Turns out that Portugal has become a target of alt-right ideology.

Boaventura de Sousa Santos, professor of Sociology and director emeritus of the Centre for Social Studies at the University of Coimbra, frames the rise of Portugal’s far right within the context of wider global movement:

“There has always been a far-right base as is the case in Spain, Italy, Greece – the far-right was in power for 50 years in Portugal – and this basis never disappeared.”

This series of recent events described at the beginning of this post has unveiled increasingly disturbing signs that far-right internationalism is turning Portugal into a strategic target. “Clear illustrations of such signs include the recent attempt, by some intellectuals, to play the card of racial hatred in order to test existing divisions both on the right and the left and thereby influence the political agenda, the international meeting of far-right parties in Lisbon in August, and the strike called by the newly created National Union of Dangerous Goods Drivers, to take place at the same time as the Lisbon meeting,” claims openDemocracy, a self-described “independent global media organization.” 

Is Portugal so important as to deserve such strategic attention?


Portugal is vitally important because, from the point of view of the international far right, it is the weak link through which it can carry out its attack on the European Union. 

People like to imagine Spain as a liberal paradise with sun, sea, and sangría, but its racism continues to be an open secret, according to the Olive Press.

With approximately one million black people living in Spain, that represents about 2% of the population–much lower than the 13-14% of African-Americans in the USA. While chances of seeing acts of racism are less in Spain, entrenched racism is still very much real.

In a June 2020 article, the Olive Press, an English language Spanish newspaper noted that:

Image: La Sexta

• Every Christmas, locals around the country use black face as they dress up as King Balthazar for the Three Kings Parade, a tradition that goes back to 1885;

• In 2017, a black British stage actor was refused entry to a Málaga nightclub. A worker at the club later told the Olive Press that it had a “no blacks” policy;

• Just last year (2019), a Spanish Guardia Civil officer, who killed an innocent Moroccan man after veering him off the road and shooting him eleven times as he fled on foot because he was “convinced he was a terrorist,” had his sentence for the crime reduced;

• Elsewhere, a Honduras woman selling sweets on the beaches of the Costa del Sol was allegedly strangled and dragged along the floor by police, who told her that she “was not human”;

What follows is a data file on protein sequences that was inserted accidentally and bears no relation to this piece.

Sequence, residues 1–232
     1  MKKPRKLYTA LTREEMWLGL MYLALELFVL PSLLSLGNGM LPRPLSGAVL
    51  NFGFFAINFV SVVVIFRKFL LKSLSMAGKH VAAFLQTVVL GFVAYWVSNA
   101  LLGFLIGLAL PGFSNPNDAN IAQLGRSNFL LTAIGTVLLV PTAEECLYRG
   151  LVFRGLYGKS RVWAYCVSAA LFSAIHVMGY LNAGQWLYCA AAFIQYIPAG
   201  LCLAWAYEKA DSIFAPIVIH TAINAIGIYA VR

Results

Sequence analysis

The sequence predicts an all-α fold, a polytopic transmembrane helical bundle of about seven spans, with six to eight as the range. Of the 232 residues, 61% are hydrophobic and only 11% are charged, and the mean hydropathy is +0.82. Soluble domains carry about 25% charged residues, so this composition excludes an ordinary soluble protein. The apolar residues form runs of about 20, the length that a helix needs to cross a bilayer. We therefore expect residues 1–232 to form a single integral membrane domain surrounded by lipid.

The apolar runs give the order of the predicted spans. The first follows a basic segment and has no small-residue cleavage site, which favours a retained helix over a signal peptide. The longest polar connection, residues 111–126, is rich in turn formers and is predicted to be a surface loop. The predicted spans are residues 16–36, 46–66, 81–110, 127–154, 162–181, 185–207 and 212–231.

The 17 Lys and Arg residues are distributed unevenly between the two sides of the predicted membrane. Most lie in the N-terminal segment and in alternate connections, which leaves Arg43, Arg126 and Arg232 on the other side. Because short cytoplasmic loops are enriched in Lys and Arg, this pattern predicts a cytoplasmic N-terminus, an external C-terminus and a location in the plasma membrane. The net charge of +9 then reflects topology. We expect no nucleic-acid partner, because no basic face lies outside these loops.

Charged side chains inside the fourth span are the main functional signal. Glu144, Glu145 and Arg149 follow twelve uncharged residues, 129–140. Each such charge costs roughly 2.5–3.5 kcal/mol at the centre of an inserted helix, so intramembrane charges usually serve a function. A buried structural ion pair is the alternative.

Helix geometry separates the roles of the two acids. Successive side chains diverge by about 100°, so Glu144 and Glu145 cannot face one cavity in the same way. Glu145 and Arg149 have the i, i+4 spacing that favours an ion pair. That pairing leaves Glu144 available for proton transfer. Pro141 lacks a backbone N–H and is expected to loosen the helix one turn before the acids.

• Increasingly worrisome is the flagrant racism that continues to be shown by young people in Spain, particularly in the world of football (soccer), where racial slurs are printed on the back of jerseys worn by members of immigrant teams.

Image: The Olive Press

It’s impossible for white people to know how gut-wrenching such discrimination feels, but it means that we must rally around and support the likes of Black Lives Matter and similar movements fighting for justice in the USA and around the world.

“So, while we may not be in the US, don’t disregard the fight (against racism) as an American problem,” the Olive Press urged. “Tragically, both in Spain and around the world, the fight to end racism will not be over anytime soon.”

Same-sex marriages have been allowed in Portugal since 2010 and offer equal rights to the couple regarding property, taxes, and inheritance … since 2016, married couples of the same sex can adopt and foster children. (Spain legalized same-sex marriage in 2005, along with its adoption rights.)

People often ask us about homophobia: do we feel it or are we aware of it in either Spain or Portugal. Not really, I’d respond. Except for an elderly (90+) woman talking to her equally old widowed neighbor in Portugal referring to me with the word “maricon” because she didn’t know any better, we have never felt ridiculed or denigrated anywhere in Iberia. We’re accepted, just as we are.

Others, however, have had different experiences.

Attacks by far-right Vox party on lesbian, gay, bisexual and transgender (LGBT) rights are testing years of political consensus on the issue in Spain, which in 2005 became the third country in the world to allow same-sex marriage. Vox has pledged to curtail gay pride parades, heaped ridicule on diversity lessons it wants to scrap in schools and has even drawn parallels between homosexuality and bestiality.